Group of Hall of Famers wants health insurance and salary or will boycott future inductions

A group of Pro Football Hall of Famers sent a letter to NFL commissioner Roger Goodell, NFLPA executive direction DeMaurice Smith, and Pro Football Hall of Fame president David Baker, telling the trio that they want to receive health insurance coverage and an annual salary that includes a share of NFL revenues, and unless and until they do, they will no longer attend Hall of Fame induction ceremonies. A copy of the letter was obtained by ESPN's Arash Markazi, who posted the text to Twitter on Tuesday morning. 

The letter is signed by the newly-formed Hall of Fame Board, "the first ever entity answering only to the concerns of Hall of Fame players." The board consists of Chairman Eric Dickerson, as well as members Marcus Allen, Mel Blount, Derrick Brooks, Jim Brown, Earl Campbell, Richard Dent, Carl Ellard, Marshall Faulk, Mike Haynes, Rickey Jackson, Ronnie Lott, Curtis Martin, Joe Namath, John Randle, Jerry Rice, Deion Sanders, Bruce Smith, Jackie Smith, Lawrence Taylor, Kurt Warner, and Reggie White's widow, Sarah White. It is unclear if the letter is requesting these benefits for all former players or just Hall of Famers.

The players note that Major League Baseball players who spend even one day on an MLB roster are entitled to health insurance for the rest of their lives, while players who spend 43 days on a roster get a lifelong pension. In contrast, NFL players receive no such benefits, and the players note that "the NFL is the only major American corporation that is set up this way."

They refer to the $620 million "Legacy Fund" that was set up for retired players as "little more than cynical public relations ploys that fail to help those who desperately need it."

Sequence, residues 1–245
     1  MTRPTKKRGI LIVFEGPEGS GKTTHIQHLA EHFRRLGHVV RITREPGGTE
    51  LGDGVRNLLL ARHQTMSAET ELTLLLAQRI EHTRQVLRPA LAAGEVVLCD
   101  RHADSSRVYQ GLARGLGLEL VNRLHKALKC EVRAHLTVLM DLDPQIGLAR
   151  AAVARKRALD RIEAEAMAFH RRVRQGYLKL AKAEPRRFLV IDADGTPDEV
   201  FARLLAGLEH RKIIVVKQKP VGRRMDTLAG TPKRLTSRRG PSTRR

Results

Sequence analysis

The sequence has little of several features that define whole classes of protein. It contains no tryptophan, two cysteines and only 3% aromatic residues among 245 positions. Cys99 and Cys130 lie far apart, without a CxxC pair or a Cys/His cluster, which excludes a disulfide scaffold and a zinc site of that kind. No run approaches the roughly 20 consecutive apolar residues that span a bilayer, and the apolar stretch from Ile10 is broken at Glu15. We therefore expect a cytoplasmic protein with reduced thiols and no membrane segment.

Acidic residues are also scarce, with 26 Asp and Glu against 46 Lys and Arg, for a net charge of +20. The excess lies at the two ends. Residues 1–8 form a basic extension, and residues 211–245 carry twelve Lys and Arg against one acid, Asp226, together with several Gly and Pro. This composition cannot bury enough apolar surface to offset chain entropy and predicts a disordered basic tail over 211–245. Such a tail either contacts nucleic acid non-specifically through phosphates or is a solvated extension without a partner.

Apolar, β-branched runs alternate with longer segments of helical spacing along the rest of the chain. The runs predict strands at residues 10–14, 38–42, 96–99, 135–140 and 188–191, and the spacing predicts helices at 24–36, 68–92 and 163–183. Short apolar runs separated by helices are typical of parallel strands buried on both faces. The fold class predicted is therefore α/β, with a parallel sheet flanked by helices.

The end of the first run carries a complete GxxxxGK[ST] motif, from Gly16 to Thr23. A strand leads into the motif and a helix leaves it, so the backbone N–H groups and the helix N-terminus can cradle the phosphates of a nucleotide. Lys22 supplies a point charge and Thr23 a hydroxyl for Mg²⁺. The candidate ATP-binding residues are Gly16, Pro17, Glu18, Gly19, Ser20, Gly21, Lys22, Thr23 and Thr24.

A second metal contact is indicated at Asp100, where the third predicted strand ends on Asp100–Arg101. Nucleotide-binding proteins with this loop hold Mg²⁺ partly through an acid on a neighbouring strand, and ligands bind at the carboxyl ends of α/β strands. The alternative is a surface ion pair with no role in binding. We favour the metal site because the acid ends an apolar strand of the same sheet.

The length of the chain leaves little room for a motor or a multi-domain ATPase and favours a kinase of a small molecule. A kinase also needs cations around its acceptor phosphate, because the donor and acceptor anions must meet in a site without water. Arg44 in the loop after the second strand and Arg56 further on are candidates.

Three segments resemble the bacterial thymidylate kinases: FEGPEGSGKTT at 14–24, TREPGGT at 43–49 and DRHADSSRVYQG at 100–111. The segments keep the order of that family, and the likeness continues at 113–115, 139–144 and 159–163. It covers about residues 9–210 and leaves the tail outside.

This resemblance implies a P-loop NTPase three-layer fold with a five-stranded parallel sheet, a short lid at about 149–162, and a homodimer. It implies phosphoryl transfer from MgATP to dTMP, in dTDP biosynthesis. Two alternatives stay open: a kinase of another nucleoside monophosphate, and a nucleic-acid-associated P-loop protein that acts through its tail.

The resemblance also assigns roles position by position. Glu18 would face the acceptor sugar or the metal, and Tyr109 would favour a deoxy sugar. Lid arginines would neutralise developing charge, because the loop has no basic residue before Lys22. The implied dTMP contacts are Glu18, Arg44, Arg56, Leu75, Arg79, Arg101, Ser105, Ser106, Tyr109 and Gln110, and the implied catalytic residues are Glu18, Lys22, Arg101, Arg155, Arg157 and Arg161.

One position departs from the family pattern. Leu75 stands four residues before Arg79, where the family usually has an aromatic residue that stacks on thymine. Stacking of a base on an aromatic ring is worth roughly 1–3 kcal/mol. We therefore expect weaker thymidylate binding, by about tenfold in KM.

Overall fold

The players contend that while the league takes a hardline stance in negotiations with players, it often finds money for other things like Goodell's reported $40 million per year salary and the construction of the Hall of Fame Village, which Baker estimated would cost around $1 billion. (They also took Smith to task for his $4.5 million annual salary an $8 million trust, and his lack of interest in advocating for retired players.) Some of that money would be better used helping former players take care of their bodies and lives that have been weakened and affected in other ways by their time playing football, the players say. 

With the impending 100th anniversary of the NFL approaching in 2020, the players note that 100 years of player exploitation is not worth celebrating, and they will refuse to attend Hall of Fame ceremonies unless the NFL honors "its past by helping retired players instead of exploiting their images for marketing purposes." 

The hardline stance taken by this group of payers, they say, is meant to "establish a template for active players in the next round of CBA negotiations for the expiration of the current deal in 2021."

CBS Sports Writer

Jared Dubin is a New York lawyer and writer. He joined CBSSports.com in 2014 and has since spent far too much of his time watching film and working in spreadsheets. Full Bio

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